Trump tells undecided voters he ‘up-played’ Covid-19 threat

US president defends his handling of the pandemic during public event

US president Donald Trump defended his handling of the coronavirus pandemic, as he came under sustained questioning by members of the public about his response to the virus at a televised event.

Mr Trump, who mostly gives interviews to Fox News, participated in an ABC News "town hall" meeting where he came under repeated questioning by undecided voters over the virus which has claimed the lives of more than 190,000 people in the United States.

“I didn’t downplay it. I actually, in many ways, I up-played it in terms of action,” Mr Trump said, as he responded to an audience question about his response to the virus.

It follows claims in a new book by veteran journalist Bob Woodward that the president specifically played down the seriousness of the virus publicly in the spring, at the same time as he was privately warning about its dangers.


Mr Trump was on the defensive during much of Tuesday evening's televised event. He highlighted his decision to impose a travel ban on passengers from China and Europe. "We would have lost thousands of more people had I not put the ban on," he said.

“We did a very, very good job when we put that ban on, whether you call it talent or luck, it was very important so we saved a lot of lives when we did that.”

Mr Trump also appeared to question the advisability of wearing face masks to curtail the spread of Covid-19. Asked by a member of the audience why he does not wear a mask more regularly, Mr Trump replied: “I do wear them when I have to. I wear them in hospitals and other locations.”

But he stressed that “a lot of people think that masks are not good”.

Describing how waiters touch their mask and then touch tables, he said: “That can’t be good.” He also criticised Democrats for suggesting during the Democratic National Convention that a national mandate for masks should be introduced.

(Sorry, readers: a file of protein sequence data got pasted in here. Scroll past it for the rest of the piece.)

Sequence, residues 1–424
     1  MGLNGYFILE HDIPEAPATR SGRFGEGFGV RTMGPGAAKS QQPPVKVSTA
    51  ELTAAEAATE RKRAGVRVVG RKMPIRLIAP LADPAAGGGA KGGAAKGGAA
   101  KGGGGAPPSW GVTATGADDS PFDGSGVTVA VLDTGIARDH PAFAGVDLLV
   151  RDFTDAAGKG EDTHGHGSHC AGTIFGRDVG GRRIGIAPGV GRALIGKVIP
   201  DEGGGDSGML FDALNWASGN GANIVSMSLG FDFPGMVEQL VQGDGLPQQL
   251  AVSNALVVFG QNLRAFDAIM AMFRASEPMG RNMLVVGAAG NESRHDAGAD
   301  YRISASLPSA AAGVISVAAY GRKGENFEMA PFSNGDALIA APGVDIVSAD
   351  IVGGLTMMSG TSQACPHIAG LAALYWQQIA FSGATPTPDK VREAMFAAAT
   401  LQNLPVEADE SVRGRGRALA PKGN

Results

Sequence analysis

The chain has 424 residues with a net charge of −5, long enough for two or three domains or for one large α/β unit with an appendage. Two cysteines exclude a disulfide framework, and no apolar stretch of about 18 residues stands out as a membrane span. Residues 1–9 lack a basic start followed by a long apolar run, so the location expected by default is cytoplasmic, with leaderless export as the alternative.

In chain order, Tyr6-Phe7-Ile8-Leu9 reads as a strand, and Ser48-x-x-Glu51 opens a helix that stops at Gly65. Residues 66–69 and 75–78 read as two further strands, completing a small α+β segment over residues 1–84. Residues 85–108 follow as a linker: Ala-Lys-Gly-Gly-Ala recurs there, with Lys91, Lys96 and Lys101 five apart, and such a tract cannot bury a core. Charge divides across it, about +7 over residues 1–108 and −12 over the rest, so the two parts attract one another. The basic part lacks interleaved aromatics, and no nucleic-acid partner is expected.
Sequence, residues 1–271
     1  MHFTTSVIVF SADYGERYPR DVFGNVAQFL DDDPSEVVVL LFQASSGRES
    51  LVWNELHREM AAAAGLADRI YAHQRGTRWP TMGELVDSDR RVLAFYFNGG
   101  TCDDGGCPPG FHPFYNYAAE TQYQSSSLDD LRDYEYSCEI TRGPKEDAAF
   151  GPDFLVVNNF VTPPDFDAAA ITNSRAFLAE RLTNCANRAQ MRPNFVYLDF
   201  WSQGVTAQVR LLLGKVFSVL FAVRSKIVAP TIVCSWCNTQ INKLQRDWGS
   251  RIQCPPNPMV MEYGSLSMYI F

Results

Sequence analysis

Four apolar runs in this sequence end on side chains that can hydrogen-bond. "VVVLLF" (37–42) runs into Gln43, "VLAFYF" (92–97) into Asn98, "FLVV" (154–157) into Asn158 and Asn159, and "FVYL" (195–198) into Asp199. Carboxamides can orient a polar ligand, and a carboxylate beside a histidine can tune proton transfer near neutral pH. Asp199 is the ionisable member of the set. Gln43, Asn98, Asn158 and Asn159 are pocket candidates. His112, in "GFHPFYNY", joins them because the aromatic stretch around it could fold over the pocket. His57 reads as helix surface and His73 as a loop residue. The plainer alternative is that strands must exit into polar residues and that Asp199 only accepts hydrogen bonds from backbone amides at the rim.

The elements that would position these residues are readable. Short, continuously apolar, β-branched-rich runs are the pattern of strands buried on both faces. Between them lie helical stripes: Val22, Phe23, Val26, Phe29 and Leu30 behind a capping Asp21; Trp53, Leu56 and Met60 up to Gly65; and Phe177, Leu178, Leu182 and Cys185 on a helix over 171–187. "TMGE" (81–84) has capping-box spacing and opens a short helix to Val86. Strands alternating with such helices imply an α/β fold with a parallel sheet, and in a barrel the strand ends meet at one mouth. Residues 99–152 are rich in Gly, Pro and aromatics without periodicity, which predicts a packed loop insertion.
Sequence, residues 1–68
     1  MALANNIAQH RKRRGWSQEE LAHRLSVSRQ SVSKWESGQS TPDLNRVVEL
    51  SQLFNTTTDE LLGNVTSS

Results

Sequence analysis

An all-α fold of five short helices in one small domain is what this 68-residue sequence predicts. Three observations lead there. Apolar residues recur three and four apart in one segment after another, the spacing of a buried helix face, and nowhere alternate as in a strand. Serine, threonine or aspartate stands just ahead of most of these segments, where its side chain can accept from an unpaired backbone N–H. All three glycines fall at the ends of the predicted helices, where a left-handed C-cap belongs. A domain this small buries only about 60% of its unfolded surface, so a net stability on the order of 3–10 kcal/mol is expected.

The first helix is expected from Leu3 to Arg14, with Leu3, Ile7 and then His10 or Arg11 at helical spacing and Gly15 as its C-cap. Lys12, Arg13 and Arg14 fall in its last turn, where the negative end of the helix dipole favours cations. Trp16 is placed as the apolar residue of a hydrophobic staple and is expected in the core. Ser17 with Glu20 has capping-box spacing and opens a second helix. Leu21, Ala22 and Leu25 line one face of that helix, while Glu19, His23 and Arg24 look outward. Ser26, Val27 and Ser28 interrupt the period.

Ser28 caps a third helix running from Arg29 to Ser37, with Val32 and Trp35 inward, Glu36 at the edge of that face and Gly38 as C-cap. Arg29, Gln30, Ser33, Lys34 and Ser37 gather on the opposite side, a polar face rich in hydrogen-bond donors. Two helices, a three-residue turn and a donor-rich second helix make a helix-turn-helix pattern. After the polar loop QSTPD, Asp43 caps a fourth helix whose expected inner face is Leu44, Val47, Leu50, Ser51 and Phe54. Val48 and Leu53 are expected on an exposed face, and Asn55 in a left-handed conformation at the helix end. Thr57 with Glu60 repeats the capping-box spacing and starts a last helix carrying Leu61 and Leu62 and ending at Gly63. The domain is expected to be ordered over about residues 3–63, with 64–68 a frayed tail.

While Mr Trump stressed that a vaccine would soon be available, this was contradicted by the head of the Centre for Disease Control and Prevention (CDC) during a Senate committee hearing on Wednesday. Robert Redfield told the committee that a vaccine would not be available to the general public until the second or third quarter of 2021. Mr Redfield also reiterated the importance of wearing face coverings to stop the spread of Covid-19.

“These face masks are the most important, powerful public health tool we have . . . I might even go so far as to say that this face mask is more guaranteed to protect me against Covid than when I take a Covid vaccine,” referring to a mask he was holding.

Doctored video

As Mr Redfield delivered testimony to the Senate committee, a top US health department official, Mark Caputo, announced he was taking a leave of absence from his job after writing an inflammatory Facebook post accusing government scientists of trying to undermine Mr Trump.

Meanwhile, Twitter labelled a tweet by Mr Trump containing a doctored video of his election rival Joe Biden as "manipulated media" on Wednesday, the latest move by the social media platform to censure the president's tweets.

In a speech in Delaware on Wednesday, Mr Biden warned that further deaths are to come from coronavirus as winter approaches.

“We’re heading into a very dangerous autumn,” he said, warning that cases and deaths are going to spike this November, according to the University of Washington. “We need leadership right now.”

The Democratic candidate, who has been keen to keep the focus on Mr Trump’s mishandling of the pandemic ahead of November’s presidential election, had earlier been briefed by health experts on progress towards developing a vaccine.

Suzanne Lynch

Suzanne Lynch

Suzanne Lynch, a former Irish Times journalist, was Washington correspondent and, before that, Europe correspondent